Young men in civilian uniforms and headbands, all members of what is known as the popular committees, chanted as a speaker called on them to crush "terrorists and loyalists of former President Saddam Hussein leading a Sunni insurgency against the Shia-led government".
The crowd on Wednesday included members of the Badr Organisation, one of the armed Shia groups Sunni Arabs accuse of running militia death squads, a charge they deny.
Abdul Aziz al-Hakim, one of Iraq's most powerful Shia leaders, told a crowd that "we have to benefit from this wide popular base and the state and Iraqi people should form these popular regional committees from the best of our young men to face terrorism."
"They will defend people of districts; Sunnis, Shias, Arabs, Kurds and Turkmen. They do not differentiate between anybody. They will provide support for the official security apparatus," he said.
The crowd included members of
the Badr organisation
Iraqi Prime Minister Nuri al-Maliki, whose reconciliation plan has failed to ease sectarian bloodshed, has promised to disband militias that many fear will push the country to civil war.
Officially, the event was held to mark the third anniversary of the death of Hakim's brother, Ayatollah Muhammad Baqr al-Hakim, in a bombing in the southern city of Najaf.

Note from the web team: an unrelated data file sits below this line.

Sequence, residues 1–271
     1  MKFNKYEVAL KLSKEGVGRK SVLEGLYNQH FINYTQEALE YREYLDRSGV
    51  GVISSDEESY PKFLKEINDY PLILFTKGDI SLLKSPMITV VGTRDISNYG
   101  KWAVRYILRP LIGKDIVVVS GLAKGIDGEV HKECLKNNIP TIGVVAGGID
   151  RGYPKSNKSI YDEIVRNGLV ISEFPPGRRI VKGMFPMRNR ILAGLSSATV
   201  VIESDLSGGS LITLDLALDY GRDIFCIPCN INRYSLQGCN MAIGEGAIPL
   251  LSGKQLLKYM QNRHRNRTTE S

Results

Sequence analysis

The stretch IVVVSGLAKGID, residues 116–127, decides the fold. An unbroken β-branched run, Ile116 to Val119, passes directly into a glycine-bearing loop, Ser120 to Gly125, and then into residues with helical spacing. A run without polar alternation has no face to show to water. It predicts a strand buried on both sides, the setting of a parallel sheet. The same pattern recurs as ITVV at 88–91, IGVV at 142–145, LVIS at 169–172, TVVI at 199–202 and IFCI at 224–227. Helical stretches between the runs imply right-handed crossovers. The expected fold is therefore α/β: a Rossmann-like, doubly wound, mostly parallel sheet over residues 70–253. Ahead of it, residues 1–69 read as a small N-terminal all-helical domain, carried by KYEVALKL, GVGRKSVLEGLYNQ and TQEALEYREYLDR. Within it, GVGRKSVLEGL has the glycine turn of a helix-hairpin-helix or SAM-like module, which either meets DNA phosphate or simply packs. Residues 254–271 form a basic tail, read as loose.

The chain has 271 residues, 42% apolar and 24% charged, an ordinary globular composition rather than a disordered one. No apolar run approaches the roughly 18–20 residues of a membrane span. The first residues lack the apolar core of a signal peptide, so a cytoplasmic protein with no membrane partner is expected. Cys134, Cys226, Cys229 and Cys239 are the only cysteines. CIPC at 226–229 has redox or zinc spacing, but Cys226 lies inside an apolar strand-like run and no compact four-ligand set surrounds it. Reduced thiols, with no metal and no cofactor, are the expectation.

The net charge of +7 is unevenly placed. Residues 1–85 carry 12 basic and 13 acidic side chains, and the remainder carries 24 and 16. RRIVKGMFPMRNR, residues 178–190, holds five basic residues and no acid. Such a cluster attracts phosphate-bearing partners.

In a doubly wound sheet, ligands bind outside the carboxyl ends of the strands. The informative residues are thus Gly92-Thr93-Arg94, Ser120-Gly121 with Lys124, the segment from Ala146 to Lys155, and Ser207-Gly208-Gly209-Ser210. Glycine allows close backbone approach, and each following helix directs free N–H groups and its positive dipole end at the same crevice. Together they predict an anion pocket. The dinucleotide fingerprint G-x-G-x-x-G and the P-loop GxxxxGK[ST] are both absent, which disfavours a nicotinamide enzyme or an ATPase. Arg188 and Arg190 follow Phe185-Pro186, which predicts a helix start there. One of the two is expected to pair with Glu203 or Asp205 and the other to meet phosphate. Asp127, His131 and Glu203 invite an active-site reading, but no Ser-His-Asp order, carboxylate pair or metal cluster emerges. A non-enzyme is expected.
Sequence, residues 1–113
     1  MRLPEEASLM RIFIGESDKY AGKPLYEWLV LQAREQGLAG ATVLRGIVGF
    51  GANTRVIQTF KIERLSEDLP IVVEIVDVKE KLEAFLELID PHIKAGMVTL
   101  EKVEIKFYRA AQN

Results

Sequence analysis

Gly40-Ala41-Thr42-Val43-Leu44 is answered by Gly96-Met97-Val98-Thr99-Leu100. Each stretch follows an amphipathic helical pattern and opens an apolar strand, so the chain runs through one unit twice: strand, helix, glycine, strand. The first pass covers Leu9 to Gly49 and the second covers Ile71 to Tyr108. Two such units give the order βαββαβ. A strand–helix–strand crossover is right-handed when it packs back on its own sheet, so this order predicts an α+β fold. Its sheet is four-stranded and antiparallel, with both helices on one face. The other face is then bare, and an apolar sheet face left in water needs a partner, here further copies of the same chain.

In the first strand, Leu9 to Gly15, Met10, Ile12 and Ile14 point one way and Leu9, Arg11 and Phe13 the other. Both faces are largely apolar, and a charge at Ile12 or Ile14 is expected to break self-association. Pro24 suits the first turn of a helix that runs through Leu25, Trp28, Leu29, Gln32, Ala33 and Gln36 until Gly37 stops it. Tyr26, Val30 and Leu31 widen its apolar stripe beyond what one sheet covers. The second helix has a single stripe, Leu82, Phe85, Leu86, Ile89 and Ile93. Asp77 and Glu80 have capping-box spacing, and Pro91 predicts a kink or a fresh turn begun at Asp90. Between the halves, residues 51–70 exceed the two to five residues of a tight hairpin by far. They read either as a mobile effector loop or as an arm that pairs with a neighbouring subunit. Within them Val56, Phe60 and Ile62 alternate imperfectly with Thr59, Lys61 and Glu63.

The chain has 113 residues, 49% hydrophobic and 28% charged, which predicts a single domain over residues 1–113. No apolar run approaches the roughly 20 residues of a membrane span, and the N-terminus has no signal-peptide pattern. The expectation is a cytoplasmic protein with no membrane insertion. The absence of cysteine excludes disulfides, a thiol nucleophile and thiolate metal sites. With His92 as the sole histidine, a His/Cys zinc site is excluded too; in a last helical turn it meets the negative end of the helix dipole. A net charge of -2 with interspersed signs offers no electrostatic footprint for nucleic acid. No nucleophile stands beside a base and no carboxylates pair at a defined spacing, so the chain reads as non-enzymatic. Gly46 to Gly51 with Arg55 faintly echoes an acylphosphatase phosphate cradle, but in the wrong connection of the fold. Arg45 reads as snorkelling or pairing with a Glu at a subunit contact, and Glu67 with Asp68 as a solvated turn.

But the speeches also covered some of the most explosive issues in Iraq, such as federalism, which is opposed by Sunnis who fear it will leave them deprived of oil in resource-poor central Iraq.
"We believe that implementation of a federal system in Iraq will achieve justice and rebuild Iraq and guarantee the unity of the Iraqi people and land," said Hakim.
Wednesday's protests came against a background of continuing violence across Iraq.
Three roadside bombs exploded in central Baghdad near a group of labourers seeking work, killing three people and wounding nine, police said.
The bombs went off early in the morning on Wednesday in Tayaran Square, downtown Baghdad, as workers gathered hoping to be employed for construction work, the interior ministry official said.
Al-Hakim pushed for a federal
system in Iraq
The attack came a day after bombings and shootings killed up to 61 people in Iraq, including at least 26 soldiers.
A short distance away, gunmen in a car opened fire on a checkpoint outside the Ministry of Oil building about an hour later, injuring three guards, said police Lt Bilal Ali Majid.
In other developments, a man was killed when a roadside bomb he was planting on a highway exploded in northern Baghdad, police Warrant Officer Mahoud Yassin.
In Baquba, Ahmed Abdel Hussein, the chief of traffic police in the city, north of Baghdad, was gunned down along with his bodyguard and two others were wounded, police said.
In Diwaniya, a roadside bomb exploded near an Iraqi army patrol, wounding two soldiers in Diwaniya, 180km south of Baghdad.
A US soldier was killed in the western province of al-Anbar, the US military said on Wednesday.
The soldier, assigned to the 1st Armored Division based in Ramadi, was killed in "enemy action" on Tuesday.
Nine US serviceman have been killed in the past week in al-Anbar province, the scene of the fiercest anti-coalition insurgency.
According to an AFP count based on Pentagon figures, 2,579 US servicemen have died since the March 2003 invasion.